Sustainable Transport Systems Reach a New (Green) Milestone

2015-06-18T15:33:40+00:00September 15th, 2011|

Sustainable transport systems have witnessed a milestone. Recently, Alcoa Jamalco Operations hauled 10 million tons of bauxite from its Mount Oliphant mine location to the rail station where the material was loaded and shipped to the company’s alumina refinery in Clarendon. Using a Rope Conveyor (RopeCon) system, a 2.11 mile cable conveyor system used to move bauxite through mountainous areas like Mount Oliphant with an elevation of 843 feet, the transport record was achieved in under two years.

“The RopeCon system is the only one in the Alcoa network, and we selected it primarily because of its sustainability features,” said Jerome Maxwell, managing director of Jamalco.

Sustainable transport systems are excellent methods for moving raw material and generating green energy. These systems can generate energy to power mines and power networks; the RopeCon system used at Alcoa Jamalco generates nearly 1,200 kW of braking (green) energy per hour. These green transport systems also save money; Alcoa has saved approximately $1.5 million on the cost of energy since it started using the conveyor system in 2007.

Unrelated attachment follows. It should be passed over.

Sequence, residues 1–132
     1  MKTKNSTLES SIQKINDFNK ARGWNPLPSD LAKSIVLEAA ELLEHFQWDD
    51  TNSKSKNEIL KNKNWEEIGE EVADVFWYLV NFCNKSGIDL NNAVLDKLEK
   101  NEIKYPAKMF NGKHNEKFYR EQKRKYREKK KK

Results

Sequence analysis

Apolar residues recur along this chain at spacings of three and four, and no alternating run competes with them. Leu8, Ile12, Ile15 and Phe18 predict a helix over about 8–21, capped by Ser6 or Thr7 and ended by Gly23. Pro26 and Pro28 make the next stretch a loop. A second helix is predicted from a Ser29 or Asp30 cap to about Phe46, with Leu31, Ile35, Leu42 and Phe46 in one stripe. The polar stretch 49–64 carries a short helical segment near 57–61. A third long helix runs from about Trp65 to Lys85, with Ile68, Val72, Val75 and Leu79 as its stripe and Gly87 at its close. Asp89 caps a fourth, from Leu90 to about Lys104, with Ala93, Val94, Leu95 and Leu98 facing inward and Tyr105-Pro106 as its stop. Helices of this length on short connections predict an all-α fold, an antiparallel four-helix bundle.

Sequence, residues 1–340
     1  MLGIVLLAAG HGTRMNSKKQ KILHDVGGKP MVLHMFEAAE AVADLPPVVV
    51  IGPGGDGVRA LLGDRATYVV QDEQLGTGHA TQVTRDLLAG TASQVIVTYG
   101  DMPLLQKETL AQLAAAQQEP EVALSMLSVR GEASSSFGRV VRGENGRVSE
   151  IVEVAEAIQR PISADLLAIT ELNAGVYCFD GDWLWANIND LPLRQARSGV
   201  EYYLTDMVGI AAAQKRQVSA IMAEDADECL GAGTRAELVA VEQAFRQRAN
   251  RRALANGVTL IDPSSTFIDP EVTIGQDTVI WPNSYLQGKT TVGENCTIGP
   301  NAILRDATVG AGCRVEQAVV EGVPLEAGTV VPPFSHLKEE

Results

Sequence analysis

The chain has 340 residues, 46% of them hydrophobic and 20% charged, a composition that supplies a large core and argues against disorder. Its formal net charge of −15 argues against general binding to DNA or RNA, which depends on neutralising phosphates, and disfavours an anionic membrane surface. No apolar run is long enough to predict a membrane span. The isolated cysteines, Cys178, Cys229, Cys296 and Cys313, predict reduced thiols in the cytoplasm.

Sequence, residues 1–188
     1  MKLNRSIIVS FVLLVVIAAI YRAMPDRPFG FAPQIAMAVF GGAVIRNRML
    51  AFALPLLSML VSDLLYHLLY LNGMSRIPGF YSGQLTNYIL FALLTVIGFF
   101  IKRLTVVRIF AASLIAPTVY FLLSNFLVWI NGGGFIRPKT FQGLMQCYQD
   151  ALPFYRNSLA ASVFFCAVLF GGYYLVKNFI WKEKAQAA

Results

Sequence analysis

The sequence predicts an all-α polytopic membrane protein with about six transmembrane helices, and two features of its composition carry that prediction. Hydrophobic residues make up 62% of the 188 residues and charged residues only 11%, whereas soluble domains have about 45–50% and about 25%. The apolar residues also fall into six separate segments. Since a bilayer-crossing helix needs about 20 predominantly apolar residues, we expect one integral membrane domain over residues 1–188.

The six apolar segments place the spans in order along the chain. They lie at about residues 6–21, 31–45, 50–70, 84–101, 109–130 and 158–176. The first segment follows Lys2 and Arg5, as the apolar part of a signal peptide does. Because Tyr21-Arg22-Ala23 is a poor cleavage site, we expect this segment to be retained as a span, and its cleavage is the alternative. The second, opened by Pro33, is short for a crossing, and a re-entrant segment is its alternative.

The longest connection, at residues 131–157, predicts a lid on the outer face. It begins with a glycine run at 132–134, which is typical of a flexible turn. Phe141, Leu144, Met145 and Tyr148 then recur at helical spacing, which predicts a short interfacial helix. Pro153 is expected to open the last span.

In order to transport alumina, the raw material used to produce aluminum, the RopeCon system was constructed with a belt of corrugated side walls and integrated wheel sets on fixed track ropes which are guided over 11 tower structures. The system is powered by two AC induction motors. When the conveying system is loaded with bauxite and begins making its way down the mountain, the drives begin using a continuous braking (regeneration) mode which produces the electrical power.

The system also provides environmental benefits in addition to providing and alternative energy course. Long distance conveyors can operate in mid-air, minimize space requirements and can effortlessly cross obstacles on the ground. The systems are also quiet, dust-free and use less land space than road transport which further reduces its environmental footprint.

For more on sustainable transport systems like RopeCon, read the original Yahoo Finance article here: